Both men have spent the last few months insisting that they can compete effectively in both the Tour de France and the London 2012 Olympic Games and that neither event is more important than the other - but now it appears that orders from above will see Team GB and Team Sky colleagues Bradley Wiggins and Mark Cavendish having to prioritise their training and their targets over the coming weeks and months.
The man charged with guiding the two British stars at professional and international level, David Brailsford, has stated that spreading yourself too thinly is a "recipe for failure" and that his riders must identify their main targets for the crucial month of July, which takes in both the Tour and the men's Olympic road race.
The Team Sky and Team GB supremo is arguably the most influential figure in British cycling, having masterminded Team GB's record medal haul at the 2008 Beijing Olympics and founding and developing Team Sky into a Pro Tour team feared by the rest of the peloton. The signing of Cavendish in the winter to line-up alongside Wiggins in Team Sky colours was a major coup and the team's start to the season has been a good one.
Wiggins underlined his credentials for a sustained challenge for yellow at this year's Tour by winning Paris-Nice earlier in this month, with bookmakers now making him second favourite behind 2011 winner Cadel Evans to make history and become Britain's first winner of cycling's flagship event.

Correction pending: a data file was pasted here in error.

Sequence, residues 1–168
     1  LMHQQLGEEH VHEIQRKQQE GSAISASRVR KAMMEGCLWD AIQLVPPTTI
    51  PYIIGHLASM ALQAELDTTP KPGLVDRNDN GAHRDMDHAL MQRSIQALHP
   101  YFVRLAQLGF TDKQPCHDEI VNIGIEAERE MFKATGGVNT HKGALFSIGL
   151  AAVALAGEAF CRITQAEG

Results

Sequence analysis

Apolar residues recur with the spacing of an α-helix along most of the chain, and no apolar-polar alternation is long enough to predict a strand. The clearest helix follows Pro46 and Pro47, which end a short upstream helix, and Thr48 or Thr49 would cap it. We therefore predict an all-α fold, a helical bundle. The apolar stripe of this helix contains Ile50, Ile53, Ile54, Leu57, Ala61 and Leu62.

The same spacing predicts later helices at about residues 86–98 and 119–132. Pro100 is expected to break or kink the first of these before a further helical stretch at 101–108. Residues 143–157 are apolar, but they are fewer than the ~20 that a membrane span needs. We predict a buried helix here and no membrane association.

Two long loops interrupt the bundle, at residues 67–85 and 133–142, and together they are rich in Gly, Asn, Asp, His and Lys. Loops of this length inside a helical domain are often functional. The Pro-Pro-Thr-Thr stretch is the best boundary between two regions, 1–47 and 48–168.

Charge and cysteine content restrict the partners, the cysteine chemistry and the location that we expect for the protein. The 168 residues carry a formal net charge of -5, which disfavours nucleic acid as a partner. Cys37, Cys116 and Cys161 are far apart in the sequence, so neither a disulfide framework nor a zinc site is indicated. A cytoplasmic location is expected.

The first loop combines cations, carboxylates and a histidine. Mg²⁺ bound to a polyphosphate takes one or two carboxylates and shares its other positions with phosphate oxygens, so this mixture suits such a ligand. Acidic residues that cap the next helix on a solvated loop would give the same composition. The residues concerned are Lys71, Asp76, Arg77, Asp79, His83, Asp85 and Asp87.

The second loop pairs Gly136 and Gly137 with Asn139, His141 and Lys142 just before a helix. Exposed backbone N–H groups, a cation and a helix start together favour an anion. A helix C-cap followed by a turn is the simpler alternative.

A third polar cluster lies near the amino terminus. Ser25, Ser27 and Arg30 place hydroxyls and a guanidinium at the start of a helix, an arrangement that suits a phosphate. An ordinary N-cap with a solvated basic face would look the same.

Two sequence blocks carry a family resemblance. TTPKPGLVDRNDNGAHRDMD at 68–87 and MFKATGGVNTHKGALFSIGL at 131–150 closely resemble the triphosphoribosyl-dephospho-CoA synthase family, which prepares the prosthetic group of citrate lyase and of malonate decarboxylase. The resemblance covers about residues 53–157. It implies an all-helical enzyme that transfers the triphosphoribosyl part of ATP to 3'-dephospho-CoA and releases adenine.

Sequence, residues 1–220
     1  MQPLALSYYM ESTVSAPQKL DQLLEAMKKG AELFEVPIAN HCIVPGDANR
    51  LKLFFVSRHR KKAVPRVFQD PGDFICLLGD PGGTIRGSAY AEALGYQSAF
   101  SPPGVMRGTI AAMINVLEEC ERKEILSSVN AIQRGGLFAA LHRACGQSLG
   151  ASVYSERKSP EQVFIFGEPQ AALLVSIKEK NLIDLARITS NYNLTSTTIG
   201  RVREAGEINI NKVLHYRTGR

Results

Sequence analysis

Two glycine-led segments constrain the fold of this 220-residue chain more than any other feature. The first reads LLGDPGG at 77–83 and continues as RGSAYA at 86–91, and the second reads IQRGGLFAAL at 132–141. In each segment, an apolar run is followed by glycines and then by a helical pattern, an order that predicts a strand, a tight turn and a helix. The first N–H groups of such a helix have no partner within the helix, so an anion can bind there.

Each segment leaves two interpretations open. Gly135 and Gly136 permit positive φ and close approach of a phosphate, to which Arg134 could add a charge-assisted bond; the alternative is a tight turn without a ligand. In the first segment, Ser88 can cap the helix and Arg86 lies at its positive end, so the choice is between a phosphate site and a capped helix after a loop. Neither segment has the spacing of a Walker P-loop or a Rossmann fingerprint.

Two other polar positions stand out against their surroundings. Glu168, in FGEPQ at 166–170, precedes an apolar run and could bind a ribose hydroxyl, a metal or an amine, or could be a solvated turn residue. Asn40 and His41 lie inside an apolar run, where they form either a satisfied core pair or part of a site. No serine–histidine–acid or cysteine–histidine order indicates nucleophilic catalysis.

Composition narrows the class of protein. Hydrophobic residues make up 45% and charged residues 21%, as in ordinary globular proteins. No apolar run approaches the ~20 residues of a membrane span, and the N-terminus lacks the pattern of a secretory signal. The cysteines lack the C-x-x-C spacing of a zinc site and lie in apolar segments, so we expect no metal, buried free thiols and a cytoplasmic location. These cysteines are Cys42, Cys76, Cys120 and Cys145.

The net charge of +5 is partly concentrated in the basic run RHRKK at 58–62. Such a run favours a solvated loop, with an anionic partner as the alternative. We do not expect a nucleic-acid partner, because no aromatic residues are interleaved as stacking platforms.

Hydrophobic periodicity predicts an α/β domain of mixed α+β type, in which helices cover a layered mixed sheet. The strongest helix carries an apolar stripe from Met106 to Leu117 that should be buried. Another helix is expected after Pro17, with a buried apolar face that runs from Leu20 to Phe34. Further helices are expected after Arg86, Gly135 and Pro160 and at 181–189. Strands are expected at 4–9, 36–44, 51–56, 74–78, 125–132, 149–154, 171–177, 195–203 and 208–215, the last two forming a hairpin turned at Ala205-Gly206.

World champion Cavendish has already secured several wins for his new team and has designs on retaining the green jersey he won at last year's Tour and also winning the Olympic road race. Brailsford, however, has dropped the strongest hint yet that going for the double could be counter-productive.
"We've got four big goals in close proximity and they all revolve around Mark and Bradley," Brailsford told BBC Sport. "So at this stage of the game you look at what their form is like and, like everything in life, you prioritise. I think just to say that you're going to give each one equal significance and try to win everything is probably the recipe for failure.
"What we really need to do is to look at them and say: 'If you could just have one, which one would you take?' You then build your chances around that. We're clear in our minds about our approach for this year and it will pan out as we get there.
"We have known for some time that Bradley is an exceptional rider He is building experience and belief and the performances are coming with that. We've come into the season with a clear game plan for Bradley and he's delivered every time. If you look at his record over the last year, it's pretty spectacular. So he's on track and there's more to come. We can look forward to July with real excitement."
Brailsford also had words of praise for Cavendish, despite his sub-standard performance at Milan-San Remo last weekend - a race that he admitted he really wanted to win in the rainbow jersey.
"That performance was a bit of a surprise and we don't often have surprises, particularly from Mark," Brailsford said. "He's a great champion and has got so much class but it didn't work out for him at the weekend and that's uncharacteristic. We're looking at all the numbers to see if we can put our finger on it. It could be illness, it could be latent fatigue. There are a whole host of things it could be. But you have to take your hat off to Mark Cavendish for all that he's achieved. If anyone has earned the right to a bad day it's him."
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